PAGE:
Microcorruption: Reykjavik

Wed 03 May 2023

After my first Real Hacker Moment(TM) in Cusco, I was excited to see what Iceland had in store.

The Scenario

The manual for this exercise informed me I was up against hardware version A and software revision 2 or 3. There was no HSM I'd have to consider here (perhaps they don't work so far north), but this firmware did have "military-grade on-device encryption"[1]. Usually when people say things like that it makes hacking them easier, but until I jumped in there was no way to know. [2]

Understanding The Code

This challenge began on a markedly different note - no password checking function, no door opening function; main() was a stub once again but it only had a call to enc() before jumping to a location that isn't even considered code:

A screenshot of the disassembly of the main function

Another weird thing was that enc() didn't seem to just decrypt data, from the expansion of what was around 0x2400 it seemed to almost decompress data as well:

A screenshot of a region of lock memory before calling the enc function

A screenshot of a region of lock memory after calling the enc function

Browsing the rest of memory I saw a string "ThisIsSecureRight?" which was unfortunately not the password; I think it's the decryption key but didn't look into it much since I figured the encryption was a red herring. After control jumped to the middle of nowhere the debugger wasn't much help, so I dumped the memory and dropped the section around 0x2400 into the provided disassembler to get a better look at the code.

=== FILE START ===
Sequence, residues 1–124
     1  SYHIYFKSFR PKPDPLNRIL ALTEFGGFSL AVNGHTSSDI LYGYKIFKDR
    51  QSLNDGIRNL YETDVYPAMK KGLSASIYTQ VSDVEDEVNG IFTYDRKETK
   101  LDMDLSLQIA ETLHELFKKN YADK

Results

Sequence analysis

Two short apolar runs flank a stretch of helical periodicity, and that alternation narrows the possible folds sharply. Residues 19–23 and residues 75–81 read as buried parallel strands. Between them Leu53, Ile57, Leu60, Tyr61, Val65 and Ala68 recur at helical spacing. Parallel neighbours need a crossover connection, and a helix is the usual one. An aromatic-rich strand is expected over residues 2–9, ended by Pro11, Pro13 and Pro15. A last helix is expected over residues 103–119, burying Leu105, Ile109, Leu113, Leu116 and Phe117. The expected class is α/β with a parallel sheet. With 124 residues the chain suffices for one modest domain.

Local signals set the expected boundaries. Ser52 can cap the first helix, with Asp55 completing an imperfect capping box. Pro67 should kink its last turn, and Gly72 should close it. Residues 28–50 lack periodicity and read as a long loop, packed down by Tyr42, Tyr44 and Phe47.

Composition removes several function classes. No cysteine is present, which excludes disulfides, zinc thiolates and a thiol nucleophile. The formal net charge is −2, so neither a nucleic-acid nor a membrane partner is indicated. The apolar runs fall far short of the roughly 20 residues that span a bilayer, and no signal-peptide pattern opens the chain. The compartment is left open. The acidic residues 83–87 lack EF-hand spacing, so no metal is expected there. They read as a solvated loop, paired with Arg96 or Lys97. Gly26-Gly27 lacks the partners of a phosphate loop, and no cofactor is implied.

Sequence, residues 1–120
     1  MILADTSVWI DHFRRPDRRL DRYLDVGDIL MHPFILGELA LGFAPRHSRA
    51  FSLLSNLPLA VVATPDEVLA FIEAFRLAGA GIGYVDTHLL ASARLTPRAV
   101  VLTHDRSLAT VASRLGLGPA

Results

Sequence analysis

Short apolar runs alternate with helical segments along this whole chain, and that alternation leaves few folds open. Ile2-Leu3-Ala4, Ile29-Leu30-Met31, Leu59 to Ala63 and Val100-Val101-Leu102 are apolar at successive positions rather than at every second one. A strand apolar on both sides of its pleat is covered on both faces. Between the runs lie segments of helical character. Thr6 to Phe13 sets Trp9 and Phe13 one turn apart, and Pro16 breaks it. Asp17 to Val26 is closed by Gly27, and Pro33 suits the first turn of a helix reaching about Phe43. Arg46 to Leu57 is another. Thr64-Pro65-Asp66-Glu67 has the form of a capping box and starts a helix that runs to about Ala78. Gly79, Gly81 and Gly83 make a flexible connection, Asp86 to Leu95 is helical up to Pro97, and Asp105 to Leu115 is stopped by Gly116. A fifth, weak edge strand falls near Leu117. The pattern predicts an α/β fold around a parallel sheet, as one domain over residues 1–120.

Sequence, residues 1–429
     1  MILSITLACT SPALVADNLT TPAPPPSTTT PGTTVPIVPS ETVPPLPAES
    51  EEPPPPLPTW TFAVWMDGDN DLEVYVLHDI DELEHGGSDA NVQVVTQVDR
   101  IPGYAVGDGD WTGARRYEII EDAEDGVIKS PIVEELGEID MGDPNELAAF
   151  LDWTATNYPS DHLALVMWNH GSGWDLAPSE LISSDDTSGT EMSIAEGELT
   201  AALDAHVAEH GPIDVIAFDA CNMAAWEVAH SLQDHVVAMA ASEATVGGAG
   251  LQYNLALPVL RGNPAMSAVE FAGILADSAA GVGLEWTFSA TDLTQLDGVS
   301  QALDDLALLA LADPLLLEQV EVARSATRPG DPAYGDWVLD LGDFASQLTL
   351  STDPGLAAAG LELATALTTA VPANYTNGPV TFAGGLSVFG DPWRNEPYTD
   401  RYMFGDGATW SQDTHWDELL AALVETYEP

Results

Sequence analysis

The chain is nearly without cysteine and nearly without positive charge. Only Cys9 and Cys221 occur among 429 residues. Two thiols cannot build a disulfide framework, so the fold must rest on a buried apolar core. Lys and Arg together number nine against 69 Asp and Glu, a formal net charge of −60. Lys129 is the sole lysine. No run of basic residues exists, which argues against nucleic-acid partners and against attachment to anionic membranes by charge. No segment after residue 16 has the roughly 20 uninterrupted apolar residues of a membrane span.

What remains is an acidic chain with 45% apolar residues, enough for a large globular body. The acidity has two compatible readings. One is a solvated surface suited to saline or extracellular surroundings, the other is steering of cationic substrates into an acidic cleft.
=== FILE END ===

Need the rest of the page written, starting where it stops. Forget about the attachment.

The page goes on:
A screenshot of a subset of previously-encrypted instructions

After comparing the instruction patterns in the formerly-encrypted code to those from previous challenges, I managed to determine 0x2400-0x242f prints "what's the password?" to the console, 0x2430-0x2443 gets the password from the user and 0x2464-0x247a is the interrupt handler.

My original thought was this challenge was the same as the last, modulo the crypto aspect, but reading the code a bit more I realized it was similar to an earlier challenge where I had to get a sentinel value in a specific location to trigger the unlock.

Exploiting The Code

After spending half an hour trying to figure out how to access the location I thought I needed to change to no success, I realized I got my hex math wrong and the firmware was looking for the sentinel value in the password; sending the value in little-endian form got me through, and it was on to the next.

[1]I didn't figure out what encryption algorithm was in use here, but XOR could be considered "military-grade", and would make sense that rando developers might use it.
[2]An aside: the manual ends with "We apologize for making it too easy for the password to be recovered on prior versions. The engineers responsible have been sacked." Don't threaten me with a good time, Lockitall.